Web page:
Monday Morning Quick Tip: Make A Plan

directions

“Okay then, I’ll just follow you.”

I hate hearing those words. I am a terrible person to head-up a convoy. I have a really good sense of direction, but I also have a lead foot. Other drivers with lesser directional prowess have to keep up, or they eat my dust and wind up totally lost. I have waited hours for people who started following me, and were unable to keep up.

I’ve seen speakers fall into the same trap. They forge ahead, sometimes with a keen sense of direction, but a failure to communicate that direction to their audience. Their audience, as a result, winds up lost and bewildered.

You Have to Have a Map

It’s important that you give your audience the details they need to follow where you’re headed. They need a clear, effective roadmap that provides them with the directions they need. That way, everybody arrives at the destination together. The old saw: “Tell ‘em what you’re going to tell ‘em, tell ‘em, and tell ‘em what you told ‘em,” sums up the idea quite effectively. The reason that statement has become such a public speaking cliché is precisely because it is the bog-standard good advice for organizing a roadmap for a speech.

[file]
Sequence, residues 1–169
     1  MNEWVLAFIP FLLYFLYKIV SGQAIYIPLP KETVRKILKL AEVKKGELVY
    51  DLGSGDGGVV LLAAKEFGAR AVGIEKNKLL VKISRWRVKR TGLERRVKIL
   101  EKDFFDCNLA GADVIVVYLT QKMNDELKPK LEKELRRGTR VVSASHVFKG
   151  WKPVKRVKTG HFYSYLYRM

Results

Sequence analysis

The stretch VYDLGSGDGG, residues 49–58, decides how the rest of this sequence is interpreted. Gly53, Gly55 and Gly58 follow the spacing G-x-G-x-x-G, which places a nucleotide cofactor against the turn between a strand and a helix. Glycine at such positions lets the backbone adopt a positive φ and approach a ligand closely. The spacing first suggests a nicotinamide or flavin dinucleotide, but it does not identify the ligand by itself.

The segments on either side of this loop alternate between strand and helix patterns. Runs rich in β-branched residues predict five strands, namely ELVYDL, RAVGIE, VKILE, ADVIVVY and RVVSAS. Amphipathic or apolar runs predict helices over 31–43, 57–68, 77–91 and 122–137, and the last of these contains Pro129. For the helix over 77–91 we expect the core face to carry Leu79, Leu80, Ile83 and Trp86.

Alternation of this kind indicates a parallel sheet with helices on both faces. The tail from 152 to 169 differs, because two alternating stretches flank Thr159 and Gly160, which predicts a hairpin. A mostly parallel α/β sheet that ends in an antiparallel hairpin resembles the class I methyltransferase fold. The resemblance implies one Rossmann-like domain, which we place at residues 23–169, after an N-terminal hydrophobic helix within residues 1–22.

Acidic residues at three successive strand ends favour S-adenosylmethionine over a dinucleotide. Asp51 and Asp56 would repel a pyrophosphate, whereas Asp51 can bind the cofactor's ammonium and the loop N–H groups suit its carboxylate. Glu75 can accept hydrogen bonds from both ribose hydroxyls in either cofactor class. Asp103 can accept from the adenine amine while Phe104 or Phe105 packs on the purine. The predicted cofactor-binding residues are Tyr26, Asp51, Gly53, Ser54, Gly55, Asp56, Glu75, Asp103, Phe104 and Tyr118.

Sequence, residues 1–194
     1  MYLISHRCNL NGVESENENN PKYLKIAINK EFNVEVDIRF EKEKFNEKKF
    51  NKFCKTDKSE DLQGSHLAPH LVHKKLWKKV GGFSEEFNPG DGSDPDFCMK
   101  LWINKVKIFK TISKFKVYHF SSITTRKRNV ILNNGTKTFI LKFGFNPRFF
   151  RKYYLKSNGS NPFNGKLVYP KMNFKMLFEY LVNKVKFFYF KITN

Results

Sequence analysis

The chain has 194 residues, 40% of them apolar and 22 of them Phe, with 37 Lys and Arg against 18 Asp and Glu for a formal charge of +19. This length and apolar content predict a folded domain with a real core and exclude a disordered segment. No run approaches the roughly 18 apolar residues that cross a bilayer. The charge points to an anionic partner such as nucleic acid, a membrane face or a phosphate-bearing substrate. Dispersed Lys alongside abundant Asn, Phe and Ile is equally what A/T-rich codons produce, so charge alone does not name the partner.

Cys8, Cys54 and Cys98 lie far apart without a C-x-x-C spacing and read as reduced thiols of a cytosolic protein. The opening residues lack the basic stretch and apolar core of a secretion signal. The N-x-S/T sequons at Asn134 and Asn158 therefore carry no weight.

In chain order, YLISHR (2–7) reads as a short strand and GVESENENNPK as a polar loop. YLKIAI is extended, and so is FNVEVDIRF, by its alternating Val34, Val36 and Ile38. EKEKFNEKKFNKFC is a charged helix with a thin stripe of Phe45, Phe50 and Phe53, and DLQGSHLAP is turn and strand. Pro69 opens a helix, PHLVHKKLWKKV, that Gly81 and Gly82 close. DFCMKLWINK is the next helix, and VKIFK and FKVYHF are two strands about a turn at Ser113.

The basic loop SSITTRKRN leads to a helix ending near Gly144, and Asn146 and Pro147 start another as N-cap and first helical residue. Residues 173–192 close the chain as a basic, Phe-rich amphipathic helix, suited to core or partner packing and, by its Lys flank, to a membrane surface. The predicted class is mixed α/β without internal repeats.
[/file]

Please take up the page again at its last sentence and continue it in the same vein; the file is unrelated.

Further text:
But What About When You Veer Off Target?

Speaking is dynamic. Sometimes digressions happen. Sometimes a new story or illustration will occur to you on-the-fly. And, just like taking a detour in the car, you need to make a plan for how you’re going to get back to your destination. You may have a clear picture in your head, but your audience doesn’t.

So, be sure you communicate your plan to your audience. As you detour down a side path, let them know that you’ll be going off course for a minute, but that you’ll get back to the main track shortly. Set limits on yourself for digressions, and try to plan extra time into your presentation for them. Make your audience aware so that they don’t get confused. That way, you’ll keep them following along, engaged, and on the right track.

What do you do to get yourself back on track after a digression? Leave your best tips in the comments!